Editorial Article

Focus on Medullary Thyroid Cancer

Irene Faccio1, Loris Bertazza1, Caterina Mian1, Susi Barollo1, Raffaele Pezzani1,2,*
1OU Endocrinology, Department of Medicine (DIMED), University of Padova, via Ospedale 105, 35128 Padova, Italy 2AIROB, Associazione Italiana per la Ricerca Oncologica di Base, Padova, Italy
*Corresponding author:

Raffaele Pezzani, PhD, OU of Endocrinology, Department of Medicine (DIMED), University of Padova, Via Ospedale, 105, 35128 Padova, Italy. Phone: +390498213018, Fax: +39049657391, Email:raffaele.pezzani@unipd.it

Keywords:

Medullary thyroid cancer, Thyroid, Tyrosine kinase

Medullary Thyroid Cancer (MTC) comprises about 5-10% of all thyroid tumors [1]. It generates from parafollicular cells or C cells, characterized by the ability to produce calcitonine (CT), a hormone regulating calcium and phosphorus metabolism. Symptoms are often scarce and non-specific, such as a sudden change in voice, sore throat, difficulty swallowing, and sometimes an enlargement of thyroid. Late symptoms are severe diarrhoea and skin flushes in the face, which often occur when CT levels are already raised [1,2]. Most of MTC includes sporadic cases (75%) and presents as unilateral masses that may metastasize at lymph nodes, conversely hereditary forms (25%) show genetic basis and may appear as bilateral or multifocal mass [2]. Hereditary MTC is an autosomal dominant disorder form and may present alone (FMTC, Familiar Medullary Thyroid Carcinoma) or as part of Multiple Endocrine Neoplasia (MEN). The latter is subdivided into MEN1 and MEN2, but MTC is only characteristic of the second form, in turn split into form 2A, which is marked by pheochromocytomas and hyperplasia/adenoma of the parathyroid as well as MTC, and in the form 2B, which show pheochromocytomas and marfanoid body habit beyond MTC. The association of MTC and MEN 2B is considered more aggressive than MTC with MEN2A or sporadic form [3].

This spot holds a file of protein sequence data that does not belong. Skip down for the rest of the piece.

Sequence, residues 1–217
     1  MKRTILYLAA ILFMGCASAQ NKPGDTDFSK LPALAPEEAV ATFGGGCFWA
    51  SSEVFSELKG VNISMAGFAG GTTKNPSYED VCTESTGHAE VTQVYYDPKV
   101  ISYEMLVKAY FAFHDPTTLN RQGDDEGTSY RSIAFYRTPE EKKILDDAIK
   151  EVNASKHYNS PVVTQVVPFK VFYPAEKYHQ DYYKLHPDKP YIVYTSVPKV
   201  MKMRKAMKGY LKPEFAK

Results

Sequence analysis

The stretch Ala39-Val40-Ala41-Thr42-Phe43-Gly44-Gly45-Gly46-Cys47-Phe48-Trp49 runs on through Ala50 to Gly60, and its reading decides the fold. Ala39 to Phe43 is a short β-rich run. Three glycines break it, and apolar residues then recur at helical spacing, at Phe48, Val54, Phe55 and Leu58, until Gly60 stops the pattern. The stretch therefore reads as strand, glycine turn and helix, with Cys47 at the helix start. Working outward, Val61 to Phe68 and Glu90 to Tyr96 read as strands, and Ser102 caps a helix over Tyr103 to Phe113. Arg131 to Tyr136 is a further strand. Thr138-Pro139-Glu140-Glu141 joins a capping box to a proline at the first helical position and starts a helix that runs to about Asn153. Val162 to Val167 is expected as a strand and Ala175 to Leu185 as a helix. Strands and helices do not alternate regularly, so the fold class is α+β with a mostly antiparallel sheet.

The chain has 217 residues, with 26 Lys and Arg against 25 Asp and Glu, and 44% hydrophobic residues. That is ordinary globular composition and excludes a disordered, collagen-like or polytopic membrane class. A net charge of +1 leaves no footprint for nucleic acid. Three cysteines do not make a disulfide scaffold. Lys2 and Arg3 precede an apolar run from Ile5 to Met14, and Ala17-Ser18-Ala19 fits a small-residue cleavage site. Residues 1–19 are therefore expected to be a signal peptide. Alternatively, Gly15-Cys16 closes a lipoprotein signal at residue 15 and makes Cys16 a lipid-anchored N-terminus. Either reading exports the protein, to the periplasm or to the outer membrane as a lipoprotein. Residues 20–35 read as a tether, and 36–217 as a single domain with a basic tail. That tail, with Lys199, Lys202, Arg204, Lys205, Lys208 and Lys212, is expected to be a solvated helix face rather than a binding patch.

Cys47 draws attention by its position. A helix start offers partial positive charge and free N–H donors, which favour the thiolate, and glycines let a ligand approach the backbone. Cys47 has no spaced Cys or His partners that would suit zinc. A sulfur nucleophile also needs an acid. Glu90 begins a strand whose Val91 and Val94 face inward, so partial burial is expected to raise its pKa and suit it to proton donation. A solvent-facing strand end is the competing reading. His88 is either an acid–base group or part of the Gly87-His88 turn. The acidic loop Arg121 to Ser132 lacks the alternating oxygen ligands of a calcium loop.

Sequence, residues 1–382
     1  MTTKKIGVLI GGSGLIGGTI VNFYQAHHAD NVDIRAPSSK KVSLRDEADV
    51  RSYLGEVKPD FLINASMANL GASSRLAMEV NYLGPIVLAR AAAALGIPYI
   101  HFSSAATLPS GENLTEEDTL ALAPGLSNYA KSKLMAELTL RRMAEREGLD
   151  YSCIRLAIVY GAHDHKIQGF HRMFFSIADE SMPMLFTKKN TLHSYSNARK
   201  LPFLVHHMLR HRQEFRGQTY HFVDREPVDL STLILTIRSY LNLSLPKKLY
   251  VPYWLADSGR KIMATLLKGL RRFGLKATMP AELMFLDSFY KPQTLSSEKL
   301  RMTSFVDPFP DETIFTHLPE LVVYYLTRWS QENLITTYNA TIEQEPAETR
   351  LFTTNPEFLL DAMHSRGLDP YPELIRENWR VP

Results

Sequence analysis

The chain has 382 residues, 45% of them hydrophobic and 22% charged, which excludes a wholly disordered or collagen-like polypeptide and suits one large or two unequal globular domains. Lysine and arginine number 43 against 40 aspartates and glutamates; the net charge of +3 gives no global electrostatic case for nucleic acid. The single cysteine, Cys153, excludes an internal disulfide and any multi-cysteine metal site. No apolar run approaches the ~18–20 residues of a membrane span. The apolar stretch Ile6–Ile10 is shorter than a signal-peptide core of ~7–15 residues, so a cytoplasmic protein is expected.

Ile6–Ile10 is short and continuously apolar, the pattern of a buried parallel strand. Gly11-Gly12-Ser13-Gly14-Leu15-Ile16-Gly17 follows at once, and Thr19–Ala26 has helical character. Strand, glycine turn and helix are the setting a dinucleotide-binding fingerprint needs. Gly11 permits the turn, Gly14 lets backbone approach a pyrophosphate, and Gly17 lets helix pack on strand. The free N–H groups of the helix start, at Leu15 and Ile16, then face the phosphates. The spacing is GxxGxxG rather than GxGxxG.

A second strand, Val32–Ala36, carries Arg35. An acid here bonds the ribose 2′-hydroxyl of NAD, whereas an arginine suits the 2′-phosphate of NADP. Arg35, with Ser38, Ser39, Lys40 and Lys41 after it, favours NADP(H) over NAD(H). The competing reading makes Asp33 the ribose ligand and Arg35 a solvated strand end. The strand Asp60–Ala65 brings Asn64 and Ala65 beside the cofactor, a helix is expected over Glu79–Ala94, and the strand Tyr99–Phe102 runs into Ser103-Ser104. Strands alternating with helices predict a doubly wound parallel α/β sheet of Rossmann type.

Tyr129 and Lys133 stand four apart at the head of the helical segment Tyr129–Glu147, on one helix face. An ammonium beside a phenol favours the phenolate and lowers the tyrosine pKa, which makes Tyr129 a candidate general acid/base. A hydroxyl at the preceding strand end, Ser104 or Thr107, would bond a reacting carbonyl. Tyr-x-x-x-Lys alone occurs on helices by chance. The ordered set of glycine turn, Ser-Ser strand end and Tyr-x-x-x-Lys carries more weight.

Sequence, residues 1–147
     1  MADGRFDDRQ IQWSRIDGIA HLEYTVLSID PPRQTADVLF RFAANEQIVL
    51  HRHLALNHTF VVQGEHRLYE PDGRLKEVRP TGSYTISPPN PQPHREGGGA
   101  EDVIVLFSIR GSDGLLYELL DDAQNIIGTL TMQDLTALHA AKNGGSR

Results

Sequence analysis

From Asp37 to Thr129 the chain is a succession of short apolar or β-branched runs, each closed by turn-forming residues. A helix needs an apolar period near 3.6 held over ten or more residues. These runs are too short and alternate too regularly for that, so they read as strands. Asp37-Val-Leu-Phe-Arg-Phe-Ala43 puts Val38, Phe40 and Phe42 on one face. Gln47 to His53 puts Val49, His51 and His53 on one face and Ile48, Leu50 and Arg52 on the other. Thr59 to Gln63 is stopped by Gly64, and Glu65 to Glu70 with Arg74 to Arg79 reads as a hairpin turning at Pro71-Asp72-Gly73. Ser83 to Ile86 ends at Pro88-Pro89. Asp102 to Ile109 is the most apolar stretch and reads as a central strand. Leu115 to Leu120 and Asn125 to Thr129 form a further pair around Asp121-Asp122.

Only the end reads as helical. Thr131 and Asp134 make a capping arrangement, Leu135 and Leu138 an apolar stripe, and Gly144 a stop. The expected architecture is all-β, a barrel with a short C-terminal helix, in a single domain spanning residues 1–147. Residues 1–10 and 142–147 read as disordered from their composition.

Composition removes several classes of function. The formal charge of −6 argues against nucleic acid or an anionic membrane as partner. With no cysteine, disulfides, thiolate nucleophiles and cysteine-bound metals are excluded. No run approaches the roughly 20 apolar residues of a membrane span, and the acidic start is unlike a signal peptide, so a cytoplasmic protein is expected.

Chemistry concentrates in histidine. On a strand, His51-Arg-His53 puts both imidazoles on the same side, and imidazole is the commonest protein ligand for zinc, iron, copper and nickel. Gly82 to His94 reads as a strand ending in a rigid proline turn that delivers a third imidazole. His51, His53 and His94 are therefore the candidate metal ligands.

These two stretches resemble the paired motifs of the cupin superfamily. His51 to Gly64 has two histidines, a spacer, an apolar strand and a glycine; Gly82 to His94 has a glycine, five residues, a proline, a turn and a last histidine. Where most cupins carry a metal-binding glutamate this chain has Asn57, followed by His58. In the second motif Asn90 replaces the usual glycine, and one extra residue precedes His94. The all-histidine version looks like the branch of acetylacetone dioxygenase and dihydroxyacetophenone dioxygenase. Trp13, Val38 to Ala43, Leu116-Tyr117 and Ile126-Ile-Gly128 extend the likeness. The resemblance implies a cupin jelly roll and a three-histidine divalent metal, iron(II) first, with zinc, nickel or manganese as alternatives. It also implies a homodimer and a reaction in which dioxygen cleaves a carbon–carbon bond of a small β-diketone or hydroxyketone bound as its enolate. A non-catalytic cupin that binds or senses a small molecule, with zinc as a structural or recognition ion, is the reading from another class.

From a genetic point of view, MTC can be derived from a germline mutation in RET (REarranged during transfection) gene that encodes for a trans membrane tyrosine kinase receptor. Because of the mutation, the receptor is constitutively activated, causing continuous proliferation and inducing cell migration [4]. The strong dependence on RET mutation in hereditary MTC has led clinicians to require genetic screening, because depending on the location of the mutation it is possible to classify patients into risk classes [5].